Hirofumi Kurino (co-founder & senior adviser for creative direction at United Arrows): Money and politics have conquered fashion. In the press for instance, nobody dares saying anything critical anymore. To me, that shows a lack of love. If you really care about fashion, you should be able to say critical things when it’s warranted. Recently I had dinner with the editor-in-chief of GQ Japan, Masafumi Suzuki. It was just after LVMH’s Berluti presentation, and afterwards all the PR people were asking him, ‘Mr Suzuki, how did you like the show?’ I’m sure they expected the usual niceties, but instead he said, ‘It was the worst show I ever saw!’ He told them they were cheating the customer and ruining the heritage of the brand by making expensive, uninteresting clothes. The PRs were shocked, but what he said came from a place of love. He cares about the brand. And because he’s important, people listen and invite him back to see the next collection.
Robin Schulié: Is there any other way to play the game? If you want to compete with the big guys, do you have to do it on their terms? That’s the million-dollar question. Young designers today are often competitive. They want to prove themselves and play the game. But the market today is too fragmented, and the big brands have already honed their skills for several decades. How can a young brand compete with that? And anyway, is there really just one way to be successful? Young designers need to ask themselves if they would be satisfied with another model. Why does every designer seem to follow the same blueprint for success? Why do you need to please everybody? I can understand that Dior needs to, but Christopher Kane? What will happen to his vision once he starts making long dresses for the Middle East, short cutesy ones for Asia and conservative tailoring for Middle America?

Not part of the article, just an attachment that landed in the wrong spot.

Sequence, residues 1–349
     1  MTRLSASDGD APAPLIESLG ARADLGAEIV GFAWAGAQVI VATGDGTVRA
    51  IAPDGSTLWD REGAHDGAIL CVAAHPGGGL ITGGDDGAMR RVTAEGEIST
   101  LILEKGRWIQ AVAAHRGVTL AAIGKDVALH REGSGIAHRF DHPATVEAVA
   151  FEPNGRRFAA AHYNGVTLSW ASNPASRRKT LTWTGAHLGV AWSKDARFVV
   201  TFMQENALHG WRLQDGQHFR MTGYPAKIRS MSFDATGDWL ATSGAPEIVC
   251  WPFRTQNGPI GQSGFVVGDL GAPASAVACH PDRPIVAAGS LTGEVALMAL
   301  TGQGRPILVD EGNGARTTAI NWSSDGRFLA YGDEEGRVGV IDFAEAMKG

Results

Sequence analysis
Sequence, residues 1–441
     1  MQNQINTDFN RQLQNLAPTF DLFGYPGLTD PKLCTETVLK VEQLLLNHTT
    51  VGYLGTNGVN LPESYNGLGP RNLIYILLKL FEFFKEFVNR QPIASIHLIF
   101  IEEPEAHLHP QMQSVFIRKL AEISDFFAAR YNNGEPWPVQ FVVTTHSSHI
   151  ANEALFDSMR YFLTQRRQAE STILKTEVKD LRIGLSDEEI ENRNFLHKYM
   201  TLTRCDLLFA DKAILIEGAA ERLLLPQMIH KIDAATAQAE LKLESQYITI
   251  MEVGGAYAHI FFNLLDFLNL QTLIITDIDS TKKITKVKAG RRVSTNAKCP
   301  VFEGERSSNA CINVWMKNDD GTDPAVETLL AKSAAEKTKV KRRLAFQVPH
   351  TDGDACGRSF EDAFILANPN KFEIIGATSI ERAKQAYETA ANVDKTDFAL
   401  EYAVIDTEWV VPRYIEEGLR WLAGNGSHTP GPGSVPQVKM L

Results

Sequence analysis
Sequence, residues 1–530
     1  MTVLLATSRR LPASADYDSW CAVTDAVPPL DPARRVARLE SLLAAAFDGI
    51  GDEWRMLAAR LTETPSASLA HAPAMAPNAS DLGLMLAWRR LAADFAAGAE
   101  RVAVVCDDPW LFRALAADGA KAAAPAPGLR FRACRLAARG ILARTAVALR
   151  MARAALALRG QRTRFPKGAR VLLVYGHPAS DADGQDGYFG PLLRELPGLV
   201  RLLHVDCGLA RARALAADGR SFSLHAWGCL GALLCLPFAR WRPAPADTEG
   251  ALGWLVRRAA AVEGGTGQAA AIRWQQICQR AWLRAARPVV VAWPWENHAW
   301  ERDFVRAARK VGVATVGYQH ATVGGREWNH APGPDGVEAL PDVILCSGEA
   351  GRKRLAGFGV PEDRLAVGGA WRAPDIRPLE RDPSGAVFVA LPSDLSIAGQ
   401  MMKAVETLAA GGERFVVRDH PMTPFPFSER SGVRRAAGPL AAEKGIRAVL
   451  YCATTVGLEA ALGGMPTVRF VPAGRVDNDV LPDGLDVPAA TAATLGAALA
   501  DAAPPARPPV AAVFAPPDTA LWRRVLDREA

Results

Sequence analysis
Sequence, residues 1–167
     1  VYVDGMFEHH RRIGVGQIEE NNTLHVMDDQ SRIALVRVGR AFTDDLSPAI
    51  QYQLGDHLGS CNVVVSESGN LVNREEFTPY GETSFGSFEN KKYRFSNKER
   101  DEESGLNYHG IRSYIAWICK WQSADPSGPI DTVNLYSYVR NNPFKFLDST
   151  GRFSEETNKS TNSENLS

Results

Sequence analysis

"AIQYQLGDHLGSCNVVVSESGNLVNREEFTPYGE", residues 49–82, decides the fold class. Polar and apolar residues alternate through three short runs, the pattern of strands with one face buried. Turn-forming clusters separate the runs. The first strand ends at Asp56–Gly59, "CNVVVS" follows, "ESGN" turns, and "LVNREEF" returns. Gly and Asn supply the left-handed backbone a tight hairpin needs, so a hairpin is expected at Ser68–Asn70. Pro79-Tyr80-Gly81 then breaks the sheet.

Glenn O’Brien: Fashion and the big time art world have been corrupted. The only space noncommercial culture has today, is a little temporary space that nobody notices. Like the space for cheap buildings in big cities, you can fill them until they get knocked down in order to put something expensive in its place.
Ralph Toledano (president of the Fédération Française de la Couture, du Prêt-à-Porter des Couturiers et des Créateurs de Mode, president of the fashion division at Puig, CEO at Nina Ricci): Big corporate monsters need to have a creative vision and a genius designer at the top. The public wants someone they can identify by name, someone with a recognisable face. They want a hero. That’s why fashion companies stage fashion shows – the public needs to dream. But this aspect of fashion is only partially important to the success of a business today. What really matters is the rest of the machine: the marketing, the supply chain, the location of the shop, the communication campaign. That’s where you make your billions. In this sense fashion is a commodity business. As the CEO of a company you go to the show, but in the end the quality of the show is much less important than currency fluctuations or the economic situation in China.
Nicole Phelps (director at Vogue Runway): The fashion industry has a knack for turning designers into stars. Look at someone like Alessandro Michele at Gucci; your typical backroom guy thrust into the limelight because of his position. We editors are storytellers by necessity – we need to create stars. We have pages to fill.